From about 1700 to 1770, the northwest corner of Shoemakers’ Pasture, bounded by Broadway, Nassau, Fulton and Ann streets, was occupied by the city’s first pleasure garden known as “Spring Garden.” The garden was lined with shade trees, and featured walkways and small grassy squares bordered by hedges. There was a large public house called Spring Garden House at the Ann Street corner, which was occupied by winemaker Thomas Scurlock (1739), and later by John Elkin (1760) and Henry Bicker (1770).

In March 1770, the Sons of Liberty persuaded Bicker to sell the house to them for use as their headquarters. They named it Hampden Hall, in memory of John Hampden, who had given his life in the struggle against arbitrary taxation 100 years earlier. Their first meeting here took place on March 19, 1770.

Following the Revolution, Ann Street had about 20 houses, most of them on the south side of the street. Mr. Ketchum lived at 22 Ann Street, where the Society of Peruke Makers and Hair Dressers met; St. John’s Masonic Lodge No. 1 occupied 2 Ann Street; Washington Irving lived at No. 40; Mrs. Ann Kilmaster’s school was at No. 13; Christ Church in Ann Street was at No. 49; and Johnathan Pearsee kept a tavern at No. 16.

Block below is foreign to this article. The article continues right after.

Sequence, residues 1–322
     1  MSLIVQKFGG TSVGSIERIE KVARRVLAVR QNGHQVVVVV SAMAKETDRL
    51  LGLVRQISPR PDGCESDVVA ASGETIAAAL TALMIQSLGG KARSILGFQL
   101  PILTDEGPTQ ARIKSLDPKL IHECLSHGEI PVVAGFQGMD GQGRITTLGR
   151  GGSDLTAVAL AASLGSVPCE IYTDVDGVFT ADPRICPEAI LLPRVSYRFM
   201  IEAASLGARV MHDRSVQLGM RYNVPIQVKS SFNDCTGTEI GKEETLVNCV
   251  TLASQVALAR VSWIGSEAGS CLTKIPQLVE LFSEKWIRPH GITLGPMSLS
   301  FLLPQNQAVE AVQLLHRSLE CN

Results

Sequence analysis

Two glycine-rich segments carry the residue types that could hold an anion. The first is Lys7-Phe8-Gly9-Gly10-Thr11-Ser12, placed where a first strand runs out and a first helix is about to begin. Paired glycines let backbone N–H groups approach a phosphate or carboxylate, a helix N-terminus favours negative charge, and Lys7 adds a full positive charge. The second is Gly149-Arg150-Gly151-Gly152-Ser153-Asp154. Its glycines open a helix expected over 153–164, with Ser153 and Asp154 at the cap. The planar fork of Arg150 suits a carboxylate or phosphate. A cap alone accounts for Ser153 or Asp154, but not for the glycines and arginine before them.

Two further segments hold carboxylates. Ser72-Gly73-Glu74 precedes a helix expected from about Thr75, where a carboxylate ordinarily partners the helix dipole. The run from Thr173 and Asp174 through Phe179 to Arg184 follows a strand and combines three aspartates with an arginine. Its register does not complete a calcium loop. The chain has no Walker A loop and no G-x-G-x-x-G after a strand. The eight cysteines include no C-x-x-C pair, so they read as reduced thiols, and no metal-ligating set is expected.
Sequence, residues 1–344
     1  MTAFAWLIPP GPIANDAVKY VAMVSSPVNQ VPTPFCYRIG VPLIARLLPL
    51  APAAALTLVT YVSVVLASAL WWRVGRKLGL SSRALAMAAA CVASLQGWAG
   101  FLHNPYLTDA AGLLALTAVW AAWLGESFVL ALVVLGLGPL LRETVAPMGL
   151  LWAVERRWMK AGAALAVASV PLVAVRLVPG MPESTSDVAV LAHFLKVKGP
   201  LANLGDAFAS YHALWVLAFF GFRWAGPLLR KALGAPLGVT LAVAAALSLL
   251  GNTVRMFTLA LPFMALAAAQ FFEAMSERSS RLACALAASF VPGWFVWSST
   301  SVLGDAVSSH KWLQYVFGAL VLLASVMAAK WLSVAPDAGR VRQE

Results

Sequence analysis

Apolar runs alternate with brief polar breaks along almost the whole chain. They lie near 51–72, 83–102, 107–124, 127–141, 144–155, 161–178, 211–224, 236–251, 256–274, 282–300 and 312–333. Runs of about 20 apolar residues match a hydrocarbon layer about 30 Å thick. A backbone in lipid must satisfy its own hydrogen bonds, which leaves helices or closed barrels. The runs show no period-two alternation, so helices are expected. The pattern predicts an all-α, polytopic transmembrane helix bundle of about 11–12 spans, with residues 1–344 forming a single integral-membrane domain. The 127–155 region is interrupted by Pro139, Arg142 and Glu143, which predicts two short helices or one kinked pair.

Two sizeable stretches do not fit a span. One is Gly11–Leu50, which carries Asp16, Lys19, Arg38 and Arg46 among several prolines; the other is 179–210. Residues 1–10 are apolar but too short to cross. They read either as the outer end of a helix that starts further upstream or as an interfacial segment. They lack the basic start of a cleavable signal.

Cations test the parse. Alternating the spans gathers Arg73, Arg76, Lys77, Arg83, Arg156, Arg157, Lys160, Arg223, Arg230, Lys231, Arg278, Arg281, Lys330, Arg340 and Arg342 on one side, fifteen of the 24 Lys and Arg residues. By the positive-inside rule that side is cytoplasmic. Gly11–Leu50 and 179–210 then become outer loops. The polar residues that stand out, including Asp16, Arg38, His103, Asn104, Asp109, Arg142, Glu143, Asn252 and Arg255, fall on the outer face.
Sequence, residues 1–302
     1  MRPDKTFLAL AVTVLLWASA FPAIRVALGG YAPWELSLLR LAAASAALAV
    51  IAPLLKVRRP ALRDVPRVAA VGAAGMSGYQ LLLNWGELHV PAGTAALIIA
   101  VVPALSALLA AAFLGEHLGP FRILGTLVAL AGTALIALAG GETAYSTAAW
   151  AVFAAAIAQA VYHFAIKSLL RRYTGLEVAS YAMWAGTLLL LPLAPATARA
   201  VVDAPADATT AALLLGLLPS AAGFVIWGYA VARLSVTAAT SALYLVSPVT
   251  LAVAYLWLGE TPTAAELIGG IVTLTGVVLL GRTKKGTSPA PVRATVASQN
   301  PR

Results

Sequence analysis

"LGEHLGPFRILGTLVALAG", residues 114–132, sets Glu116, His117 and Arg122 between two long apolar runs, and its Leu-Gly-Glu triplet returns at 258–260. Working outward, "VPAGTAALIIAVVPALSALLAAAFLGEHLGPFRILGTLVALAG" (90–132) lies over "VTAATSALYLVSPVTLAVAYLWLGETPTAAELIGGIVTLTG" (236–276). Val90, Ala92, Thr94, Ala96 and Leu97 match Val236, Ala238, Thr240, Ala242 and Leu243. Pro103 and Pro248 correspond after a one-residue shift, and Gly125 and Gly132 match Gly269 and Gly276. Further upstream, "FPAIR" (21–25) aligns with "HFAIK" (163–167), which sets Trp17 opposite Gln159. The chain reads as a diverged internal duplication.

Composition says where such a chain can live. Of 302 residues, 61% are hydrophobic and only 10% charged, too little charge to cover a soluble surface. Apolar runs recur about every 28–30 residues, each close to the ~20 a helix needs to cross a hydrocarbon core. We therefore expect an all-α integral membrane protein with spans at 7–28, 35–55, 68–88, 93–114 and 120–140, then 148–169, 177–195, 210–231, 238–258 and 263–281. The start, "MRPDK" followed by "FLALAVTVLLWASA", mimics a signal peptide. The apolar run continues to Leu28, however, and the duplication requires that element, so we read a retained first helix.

Liberty Pole, New York

On May 21, 1766, the Sons of Liberty erected a Liberty Pole on the site of today’s City Hall Park in celebration of the repeal of the 1765 Stamp Act. Over the next four years, British solders chopped or burned the pole down many times, but each time the townsfolk would replace it. The final straw came on January 19, 1770, when the pole’s destruction set off a series of riots on John and William streets known as the Battle of Golden Hill. This battle, just six weeks before the Boston Massacre, was reportedly the first time blood was shed during the Revolution.